(American, born in Greece, 1932-2012)
acrylic on canvas, 64 1/2 x 64 3/4 inches
Artwork courtesy the Estate of Bill Komodore
Born in Athens in 1932, Bill Komodore emigrated to the United States in 1947 and later studied art at Tulane University in New Orleans. A keen observer of nature, he became fascinated by peculiar visual phenomena, such as after-images, triggered by certain geometric patterns. In the 1960s he embarked on a radical approach to abstraction that exploited the potential of these elusive optical effects. Characterized by minimal compositional structures, such as repeating squares or parallel lines, Komodore’s paintings generate powerful perceptual anomalies. As the artist has noted, these uncomfortable effects reflect his anxiety about the uncertain state of the world at the time.
Himeropa is named after one of the sirens of Greek mythology who seduced seafarers to their tragic end, an apt metaphor for the visual attraction and distress elicited by the painting. With compelling works such as this Komodore became a leading figure in the widespread movement of perceptual art, commonly known as Op Art, that flourished in the mid-1960s. Himeropa was included in a national traveling exhibition of this new tendency organized by the Museum of Modern Art in 1966. It remained in the artist’s personal collection until his death in 2012.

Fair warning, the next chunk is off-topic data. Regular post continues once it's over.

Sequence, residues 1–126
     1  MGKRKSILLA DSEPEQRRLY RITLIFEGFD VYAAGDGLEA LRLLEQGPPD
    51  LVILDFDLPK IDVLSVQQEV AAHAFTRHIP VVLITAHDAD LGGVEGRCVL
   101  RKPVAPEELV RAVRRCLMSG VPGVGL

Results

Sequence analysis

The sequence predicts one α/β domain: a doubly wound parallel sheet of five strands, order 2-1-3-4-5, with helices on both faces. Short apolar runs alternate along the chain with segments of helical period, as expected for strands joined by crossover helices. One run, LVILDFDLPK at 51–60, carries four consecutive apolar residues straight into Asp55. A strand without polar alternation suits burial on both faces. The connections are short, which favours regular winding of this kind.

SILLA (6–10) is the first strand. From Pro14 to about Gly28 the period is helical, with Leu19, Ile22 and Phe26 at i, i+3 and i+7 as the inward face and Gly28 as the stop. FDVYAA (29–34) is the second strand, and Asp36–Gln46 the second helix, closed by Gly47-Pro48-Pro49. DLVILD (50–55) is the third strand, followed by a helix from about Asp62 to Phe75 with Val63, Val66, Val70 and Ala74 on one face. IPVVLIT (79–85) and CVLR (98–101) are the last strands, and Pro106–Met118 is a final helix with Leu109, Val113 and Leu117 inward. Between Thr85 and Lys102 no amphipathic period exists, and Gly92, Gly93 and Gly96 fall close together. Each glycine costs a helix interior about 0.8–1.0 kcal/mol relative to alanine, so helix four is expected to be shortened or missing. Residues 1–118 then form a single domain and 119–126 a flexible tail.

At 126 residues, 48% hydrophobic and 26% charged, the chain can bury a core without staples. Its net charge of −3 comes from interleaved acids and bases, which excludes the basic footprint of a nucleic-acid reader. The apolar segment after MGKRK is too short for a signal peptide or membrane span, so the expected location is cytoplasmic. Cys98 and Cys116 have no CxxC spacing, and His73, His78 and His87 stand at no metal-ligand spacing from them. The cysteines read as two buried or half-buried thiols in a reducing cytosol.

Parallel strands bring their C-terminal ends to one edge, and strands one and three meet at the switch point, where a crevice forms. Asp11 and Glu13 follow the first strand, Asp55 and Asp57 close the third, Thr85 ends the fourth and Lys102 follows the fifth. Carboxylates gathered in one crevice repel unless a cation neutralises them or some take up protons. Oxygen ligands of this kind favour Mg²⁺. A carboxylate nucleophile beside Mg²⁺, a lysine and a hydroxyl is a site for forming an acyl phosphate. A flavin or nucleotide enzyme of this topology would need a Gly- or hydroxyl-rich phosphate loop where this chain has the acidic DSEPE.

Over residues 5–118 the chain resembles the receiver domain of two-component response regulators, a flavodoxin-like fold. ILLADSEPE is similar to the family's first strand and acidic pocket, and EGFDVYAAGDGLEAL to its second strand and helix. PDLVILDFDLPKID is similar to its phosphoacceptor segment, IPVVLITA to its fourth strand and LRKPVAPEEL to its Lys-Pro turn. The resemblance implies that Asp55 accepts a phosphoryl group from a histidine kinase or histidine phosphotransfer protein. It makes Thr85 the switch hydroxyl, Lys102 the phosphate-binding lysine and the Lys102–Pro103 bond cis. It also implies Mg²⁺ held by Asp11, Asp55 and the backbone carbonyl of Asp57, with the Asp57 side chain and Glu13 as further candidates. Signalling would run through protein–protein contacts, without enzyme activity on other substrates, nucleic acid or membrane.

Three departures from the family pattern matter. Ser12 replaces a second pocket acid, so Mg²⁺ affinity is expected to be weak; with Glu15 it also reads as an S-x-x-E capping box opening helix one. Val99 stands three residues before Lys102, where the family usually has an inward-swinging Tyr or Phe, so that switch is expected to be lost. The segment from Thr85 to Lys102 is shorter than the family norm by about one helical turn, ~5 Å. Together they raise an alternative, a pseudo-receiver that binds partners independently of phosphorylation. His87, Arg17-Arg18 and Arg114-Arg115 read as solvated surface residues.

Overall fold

My large creative output has not been the mere application of “new” concepts (flicker, vibration, after-image) but has resulted from the realization that the expression involved is the only one suitable to the way I feel about the world and about art.
No related posts found